Results 1  10
of
16
Designing Arithmetic Circuits by Refinement in Ruby
 In Proc. Second International Conference on Mathematics of Program Construction, Lecture Notes in Computer Science
, 1992
"... . This paper presents in some detail the systematic derivation of a static bitlevel parallel algorithm to implement multiplication of integers, that is to say one which might be implemented as an electronic circuit. The circuit is well known, but the derivation shows that its design can be seen as ..."
Abstract

Cited by 26 (0 self)
 Add to MetaCart
. This paper presents in some detail the systematic derivation of a static bitlevel parallel algorithm to implement multiplication of integers, that is to say one which might be implemented as an electronic circuit. The circuit is well known, but the derivation shows that its design can be seen as the consequence of decisions made (and explained) in terms of the abstract algorithm. The systematic derivation serves both as an explanation of the circuit, and as a demonstration that it is correct `by construction'. We believe that the technique is applicable to a wide range of similar algorithms. 1 Introduction We advocate a style of `design by calculation' for the very finegrained parallel algorithms that are implemented as regular arrays of electronic circuits. The design of such circuits is particularly difficult because the implementation medium imposes severe constraints on what is possible and what is reasonably efficient. In consequence the details of the final implementation ha...
The TRuby Design System
 In IFIP Conference on Hardware Description Languages and their Applications
, 1995
"... This paper describes the TRuby system for designing VLSI circuits, starting from formal specifications in which they are described in terms of relational abstractions of their behaviour. The design process involves correctnesspreserving transformations based on proved equivalences between relation ..."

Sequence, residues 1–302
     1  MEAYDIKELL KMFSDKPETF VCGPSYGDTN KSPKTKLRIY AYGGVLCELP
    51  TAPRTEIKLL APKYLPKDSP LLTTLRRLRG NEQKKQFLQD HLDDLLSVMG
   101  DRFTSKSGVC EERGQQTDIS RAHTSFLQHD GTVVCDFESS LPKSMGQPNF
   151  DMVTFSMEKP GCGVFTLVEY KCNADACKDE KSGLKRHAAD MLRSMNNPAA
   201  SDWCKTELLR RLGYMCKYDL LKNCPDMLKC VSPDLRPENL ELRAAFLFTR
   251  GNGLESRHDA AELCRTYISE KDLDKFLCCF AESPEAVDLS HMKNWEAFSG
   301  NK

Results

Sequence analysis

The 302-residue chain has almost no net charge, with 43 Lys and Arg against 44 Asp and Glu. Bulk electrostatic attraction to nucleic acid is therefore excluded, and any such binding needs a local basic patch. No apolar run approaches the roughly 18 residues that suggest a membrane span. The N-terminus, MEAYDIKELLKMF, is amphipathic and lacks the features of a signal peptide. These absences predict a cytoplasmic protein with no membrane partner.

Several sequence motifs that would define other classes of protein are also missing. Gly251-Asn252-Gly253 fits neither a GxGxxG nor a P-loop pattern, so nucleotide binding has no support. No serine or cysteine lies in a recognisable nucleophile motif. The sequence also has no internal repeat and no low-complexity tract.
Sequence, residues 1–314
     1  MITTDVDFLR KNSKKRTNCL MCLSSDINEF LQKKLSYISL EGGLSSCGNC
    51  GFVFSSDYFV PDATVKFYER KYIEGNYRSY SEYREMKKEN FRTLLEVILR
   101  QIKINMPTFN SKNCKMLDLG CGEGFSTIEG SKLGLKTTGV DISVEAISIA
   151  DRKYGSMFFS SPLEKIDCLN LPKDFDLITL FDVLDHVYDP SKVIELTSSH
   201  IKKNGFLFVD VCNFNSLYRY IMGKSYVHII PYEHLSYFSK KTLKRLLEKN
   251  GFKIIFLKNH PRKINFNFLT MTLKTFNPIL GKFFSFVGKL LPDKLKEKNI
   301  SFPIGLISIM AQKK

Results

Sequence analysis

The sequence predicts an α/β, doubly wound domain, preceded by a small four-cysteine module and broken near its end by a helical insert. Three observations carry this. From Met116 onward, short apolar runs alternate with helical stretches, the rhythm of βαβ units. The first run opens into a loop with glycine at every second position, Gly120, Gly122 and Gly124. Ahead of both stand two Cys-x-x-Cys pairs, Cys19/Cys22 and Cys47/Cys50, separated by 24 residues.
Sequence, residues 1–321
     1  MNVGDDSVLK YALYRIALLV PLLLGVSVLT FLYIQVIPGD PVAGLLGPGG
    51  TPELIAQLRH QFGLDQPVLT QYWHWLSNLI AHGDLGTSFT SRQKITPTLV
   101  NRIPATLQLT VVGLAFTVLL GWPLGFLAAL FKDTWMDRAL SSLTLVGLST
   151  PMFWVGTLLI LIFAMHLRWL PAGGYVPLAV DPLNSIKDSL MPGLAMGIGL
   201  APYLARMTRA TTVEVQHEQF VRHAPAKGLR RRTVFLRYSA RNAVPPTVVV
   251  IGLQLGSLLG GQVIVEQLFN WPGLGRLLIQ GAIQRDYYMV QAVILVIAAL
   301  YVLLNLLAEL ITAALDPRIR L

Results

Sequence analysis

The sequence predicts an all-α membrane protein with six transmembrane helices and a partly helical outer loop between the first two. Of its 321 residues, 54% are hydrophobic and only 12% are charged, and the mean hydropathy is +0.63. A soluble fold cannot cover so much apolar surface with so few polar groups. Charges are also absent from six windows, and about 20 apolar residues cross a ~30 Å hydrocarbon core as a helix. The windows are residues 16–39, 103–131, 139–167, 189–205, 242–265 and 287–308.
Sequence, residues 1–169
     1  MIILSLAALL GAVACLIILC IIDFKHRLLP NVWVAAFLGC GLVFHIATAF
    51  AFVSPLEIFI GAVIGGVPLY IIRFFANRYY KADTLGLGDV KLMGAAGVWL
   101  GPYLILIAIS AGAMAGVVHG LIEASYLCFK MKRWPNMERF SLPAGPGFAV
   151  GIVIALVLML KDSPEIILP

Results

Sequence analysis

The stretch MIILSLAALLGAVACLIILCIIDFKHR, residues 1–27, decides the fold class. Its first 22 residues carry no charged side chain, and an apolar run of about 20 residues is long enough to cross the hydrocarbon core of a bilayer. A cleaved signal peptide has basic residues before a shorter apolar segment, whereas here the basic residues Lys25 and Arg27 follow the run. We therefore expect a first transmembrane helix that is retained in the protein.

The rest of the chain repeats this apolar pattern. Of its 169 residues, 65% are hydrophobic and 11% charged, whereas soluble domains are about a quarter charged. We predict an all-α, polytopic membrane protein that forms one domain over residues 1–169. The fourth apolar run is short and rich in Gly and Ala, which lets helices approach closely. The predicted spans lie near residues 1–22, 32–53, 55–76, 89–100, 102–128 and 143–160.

Abstract

Cited by 19 (2 self)
 Add to MetaCart
This paper describes the TRuby system for designing VLSI circuits, starting from formal specifications in which they are described in terms of relational abstractions of their behaviour. The design process involves correctnesspreserving transformations based on proved equivalences between relations, together with the addition of constraints. A class of implementable relations is defined. The tool enables such relations to be simulated or translated into a circuit description in VHDL. The design process is illustrated by the derivation of a circuit for 2dimensional convolution. Keywords: Formal methods; Design by transformation; Integration of formal systems med CAD. 1 INTRODUCTION 1 1 Introduction This paper describes a computerbased system, known as TRuby [12], for designing VLSI circuits starting from a highlevel, mathematical specification of their behaviour: A circuit is described by a binary relation between appropriate, possibly complex domains of values, and simple rela...
Between Functions and Relations in Calculating Programs
, 1992
"... This thesis is about the calculational approach to programming, in which one derives programs from specifications. One such calculational paradigm is Ruby, the relational calculus developed by Jones and Sheeran for describing and designing circuits. We identify two shortcomings with derivations made ..."
Abstract

Cited by 15 (4 self)
 Add to MetaCart